14. (Health & Saf. Code, § 11361(a).)
Sale of a controlled substance does not require a usable amount. (See People v.
Peregrina-Larios (1994) 22 Cal.App.4th 1522, 1524 [28 Cal.Rptr.2d 316].) When
the prosecution alleges sales, do not use bracketed element 6 or the definition of
usable amount. There is no case law on whether furnishing, administering, or giving
away require usable quantities. (See People v. Emmal (1998) 68 Cal.App.4th 1313,
1316 [80 Cal.Rptr.2d 907] [transportation requires usable quantity]; People v.
Ormiston (2003) 105 Cal.App.4th 676, 682 [129 Cal.Rptr.2d 567] [same].) Element
6 and the bracketed definition of usable amount are provided here for the court to
use at its discretion.
When instructing on the definition of “cannabis,” the court may choose to give just
the first bracketed sentence or may give the first bracketed sentence with either or
both of the bracketed sentences following. The second and third sentences should be
given if requested and relevant based on the evidence. (See Health & Saf. Code,
§ 11018 [defining cannabis].)
CALCRIM No. 2390 CONTROLLED SUBSTANCES
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Give the bracketed paragraph about calculating age if requested. (Fam. Code,
§ 6500; In re Harris (1993) 5 Cal.4th 813, 849-850 [21 Cal.Rptr.2d 373, 855 P.2d
391].)
AUTHORITY
• Elements. Health & Saf. Code, § 11361.
• Age of Defendant Element of Offense. People v. Montalvo (1971) 4 Cal.3d
328, 332 [93 Cal.Rptr. 581, 482 P.2d 205].
• No Defense of Good Faith Belief Offeree Over 18. People v. Williams (1991)
233 Cal.App.3d 407, 410-411 [284 Cal.Rptr. 454]; People v. Lopez (1969) 271
Cal.App.2d 754, 760 [77 Cal.Rptr. 59].
• Administering. Health & Saf. Code, § 11002.
• Knowledge. People v. Horn (1960) 187 Cal.App.2d 68, 74-75 [9 Cal.Rptr.
578].
• Selling. People v. Lazenby (1992) 6 Cal.App.4th 1842, 1845 [8 Cal.Rptr.2d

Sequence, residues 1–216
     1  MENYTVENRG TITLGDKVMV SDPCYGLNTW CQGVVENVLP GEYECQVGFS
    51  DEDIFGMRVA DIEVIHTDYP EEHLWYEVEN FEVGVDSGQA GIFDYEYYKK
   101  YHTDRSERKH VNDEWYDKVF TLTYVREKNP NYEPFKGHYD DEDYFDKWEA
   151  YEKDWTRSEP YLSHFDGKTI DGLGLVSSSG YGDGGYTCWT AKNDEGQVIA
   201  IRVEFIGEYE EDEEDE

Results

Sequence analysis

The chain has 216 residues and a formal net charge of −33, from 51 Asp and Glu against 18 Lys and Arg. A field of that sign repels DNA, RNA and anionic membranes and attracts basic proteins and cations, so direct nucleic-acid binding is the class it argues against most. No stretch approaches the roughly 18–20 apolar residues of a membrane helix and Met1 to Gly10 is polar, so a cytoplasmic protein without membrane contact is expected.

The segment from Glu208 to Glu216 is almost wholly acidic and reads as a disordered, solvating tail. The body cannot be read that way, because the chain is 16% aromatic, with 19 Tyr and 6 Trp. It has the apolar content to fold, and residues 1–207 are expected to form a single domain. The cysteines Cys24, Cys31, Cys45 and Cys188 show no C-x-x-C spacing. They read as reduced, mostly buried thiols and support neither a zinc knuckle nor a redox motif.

541].
• Constructive vs. Actual Possession. People v. Barnes (1997) 57 Cal.App.4th
552, 556 [67 Cal.Rptr.2d 162].
• Usable Amount. People v. Piper (1971) 19 Cal.App.3d 248, 250 [96 Cal.Rptr.
643].
• “Cannabis” Defined. Health & Saf. Code, § 11018.
LESSER INCLUDED OFFENSES
• Sale to Person Not a Minor. Health & Saf. Code, § 11360.
• Simple Possession of Cannabis. Health & Saf. Code, § 11357.
• Possession for Sale of Cannabis. Health & Saf. Code, § 11359.
RELATED ISSUES
No Defense of Good Faith Belief Over 18
“The specific intent for the crime of selling cocaine to a minor is the intent to sell
cocaine, not the intent to sell it to a minor. [Citations omitted.] It follows that
ignorance as to the age of the offeree neither disproves criminal intent nor negates
an evil design on the part of the offerer. It therefore does not give rise to a ‘mistake
of fact’ defense to the intent element of the crime. [Citations omitted.]” (People v.
Williams (1991) 233 Cal.App.3d 407, 410-411 [284 Cal.Rptr. 454].)
SECONDARY SOURCES
7 Witkin & Epstein, California Criminal Law (4th ed. 2012) Crimes Against Public
Peace and Welfare, §§ 124-126.
3 Millman, Sevilla & Tarlow, California Criminal Defense Practice, Ch. 73,
Defenses and Justifications, § 73.06[1] (Matthew Bender).
6 Millman, Sevilla & Tarlow, California Criminal Defense Practice, Ch. 145,
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317
Narcotics and Alcohol Offenses, § 145.01[1][a]-[c], [h], [i], [3][a] (Matthew
Bender).